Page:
From The Art and Popular Culture Encyclopedia
Born to a Russian émigré who had escaped persecution and death in a Czarist military prison, he dedicated his life to championing the cause of the oppressed. Jewish emancipation, women's suffrage and Zionism (understood as a national liberation movement) were all fertile fields for his pen.
Zangwill received his early schooling in Plymouth and Bristol. When nine years old he was enrolled in the Jews' Free School in Spitalfields, a private school for Jewish immigrant children. The school offered a strict course of secular and Jewish studies while supplying clothing, food, and health care for the scholars. At this school young Israel excelled and taught part-time, finally becoming a full-fledged teacher. While teaching, he studied for his degree in 1884 from London University, earning a BA with triple honours.
In later life, his friends included Jerome K. Jerome and H. G. Wells. He wrote a very influential novel Children of the Ghetto: A Study of a Peculiar People (1892). The use of the metophorical phrase melting pot to describe American absorption of immigrants was popularised by Zangwill's play The Melting Pot, a hit in the USA in 1908 – 1909. The latter received its most recent production at New York's Metropolitan Playhouse, March 2006. His simulation of Yiddish sentence structure in English aroused great interest. He also wrote mystery works, such as The Big Bow Mystery, and social satire such as The King of Schnorrers (1894), a picaresque novel. His Dreamers of the Ghetto (1898) includes essays on famous Jews such as Spinoza, Heinrich Heine and Ferdinand Lassalle. Jules Furthman adapted one of his plays for the 1931 Janet Gaynor film Merely Mary Ann, about an orphan and a composer.
Zangwill is known for coining the slogan "A land without a people for a people without a land" describing Zionist aspirations in the Land of Israel. (However, he did not invent the phrase: in its original form "A country without a nation for a nation without a country" it is attributed to Lord Shaftesbury. The lead-up to the Crimean War (1854) signaled an opening for realignments in the Near East. In July of 1853, Shaftesbury wrote to Foreign Minister Aberdeen that Greater Syria was “a country without a nation” in need of “a nation without a country… Is there such a thing? To be sure there is, the ancient and rightful lords of the soil, the Jews!” In his diary that year he wrote “these vast and fertile regions will soon be without a ruler, without a known and acknowledged power to claim dominion. The territory must be assigned to some one or other… There is a country without a nation; and God now in his wisdom and mercy, directs us to a nation without a country.”) <ref>Shaftsbury as cited in Hyamson, Albert, “British Projects for the Restoration of Jews to Palestine,” American Jewish Historical Society, Publications 26, 1918 p. 140; and in Garfinkle, Adam M., “On the Origin, Meaning, Use and Abuse of a Phrase.” Middle Eastern Studies, London, Oct. 1991, vol. 27). See also Mideast Web: British Support for Jewish Restoration</ref>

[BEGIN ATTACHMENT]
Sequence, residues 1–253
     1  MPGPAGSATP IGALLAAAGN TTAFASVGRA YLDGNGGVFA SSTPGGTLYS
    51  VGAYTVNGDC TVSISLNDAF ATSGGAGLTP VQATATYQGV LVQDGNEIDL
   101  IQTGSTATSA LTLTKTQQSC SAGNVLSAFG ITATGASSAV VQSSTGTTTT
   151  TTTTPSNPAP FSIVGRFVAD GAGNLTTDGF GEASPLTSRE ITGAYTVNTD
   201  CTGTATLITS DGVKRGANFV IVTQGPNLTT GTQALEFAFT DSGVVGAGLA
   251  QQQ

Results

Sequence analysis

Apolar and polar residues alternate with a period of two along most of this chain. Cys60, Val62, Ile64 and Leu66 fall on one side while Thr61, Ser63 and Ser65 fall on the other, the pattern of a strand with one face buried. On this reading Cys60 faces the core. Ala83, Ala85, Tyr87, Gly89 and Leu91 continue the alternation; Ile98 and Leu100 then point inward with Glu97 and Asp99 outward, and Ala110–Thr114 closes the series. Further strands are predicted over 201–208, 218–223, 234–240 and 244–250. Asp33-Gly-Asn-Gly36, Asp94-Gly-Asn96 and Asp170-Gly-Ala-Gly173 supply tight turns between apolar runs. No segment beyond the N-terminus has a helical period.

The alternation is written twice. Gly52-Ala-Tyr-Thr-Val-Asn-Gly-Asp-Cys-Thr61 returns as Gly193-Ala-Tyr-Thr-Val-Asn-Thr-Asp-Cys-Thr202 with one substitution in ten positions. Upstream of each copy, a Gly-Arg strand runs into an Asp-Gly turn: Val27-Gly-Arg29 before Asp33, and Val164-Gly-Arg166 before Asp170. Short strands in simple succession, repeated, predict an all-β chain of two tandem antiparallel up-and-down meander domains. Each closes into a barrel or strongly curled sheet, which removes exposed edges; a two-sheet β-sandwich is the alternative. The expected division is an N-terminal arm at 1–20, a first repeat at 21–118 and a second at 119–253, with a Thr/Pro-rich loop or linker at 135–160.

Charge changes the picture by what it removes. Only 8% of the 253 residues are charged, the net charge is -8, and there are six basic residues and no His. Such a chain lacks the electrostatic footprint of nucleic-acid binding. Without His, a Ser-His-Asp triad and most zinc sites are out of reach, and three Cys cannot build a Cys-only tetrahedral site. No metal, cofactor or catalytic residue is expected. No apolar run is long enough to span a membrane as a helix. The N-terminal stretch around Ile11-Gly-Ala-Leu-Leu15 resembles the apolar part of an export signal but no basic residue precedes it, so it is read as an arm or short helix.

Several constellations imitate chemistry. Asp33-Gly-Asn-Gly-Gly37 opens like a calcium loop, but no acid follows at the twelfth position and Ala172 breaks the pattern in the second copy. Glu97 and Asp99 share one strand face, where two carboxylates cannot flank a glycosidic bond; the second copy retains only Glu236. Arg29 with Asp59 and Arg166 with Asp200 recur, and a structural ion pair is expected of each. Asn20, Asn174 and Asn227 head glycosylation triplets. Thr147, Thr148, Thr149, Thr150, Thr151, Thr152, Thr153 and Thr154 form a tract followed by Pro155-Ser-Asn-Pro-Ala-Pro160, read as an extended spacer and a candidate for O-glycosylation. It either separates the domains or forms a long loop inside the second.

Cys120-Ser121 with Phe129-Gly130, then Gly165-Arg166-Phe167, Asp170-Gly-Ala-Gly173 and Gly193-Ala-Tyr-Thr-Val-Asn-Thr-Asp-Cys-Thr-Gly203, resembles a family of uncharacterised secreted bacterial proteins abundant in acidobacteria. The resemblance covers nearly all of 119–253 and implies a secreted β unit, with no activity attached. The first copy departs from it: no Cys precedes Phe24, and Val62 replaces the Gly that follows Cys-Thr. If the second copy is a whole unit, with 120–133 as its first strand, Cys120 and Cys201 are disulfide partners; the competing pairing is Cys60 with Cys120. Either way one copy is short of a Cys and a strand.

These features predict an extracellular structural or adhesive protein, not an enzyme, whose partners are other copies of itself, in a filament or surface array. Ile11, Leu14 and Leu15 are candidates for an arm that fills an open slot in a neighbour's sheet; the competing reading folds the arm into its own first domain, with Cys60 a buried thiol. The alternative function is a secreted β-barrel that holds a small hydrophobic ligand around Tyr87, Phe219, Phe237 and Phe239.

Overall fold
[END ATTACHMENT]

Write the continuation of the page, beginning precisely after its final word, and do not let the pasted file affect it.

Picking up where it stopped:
After first having supported Theodor Herzl and Zionism, Zangwill, a British Jew, broke up with the movement and founded his own organization, called the Jewish Territorialist Organization in 1905, the aim of which was to create a Jewish homeland in whatever possible territory in the world (and not necessarily in what today is the state of Israel). Zangwill died in 1926 in Midhurst, West Sussex after trying to create the Jewish state in such diverse places as Canada, Australia, Mesopotamia, Uganda and Cyrenaica.
One of the four houses at Jews' Free School is named Zangwill in his honour.
Israel Zangwill is featured as a recurring character in the novels of Will Thomas.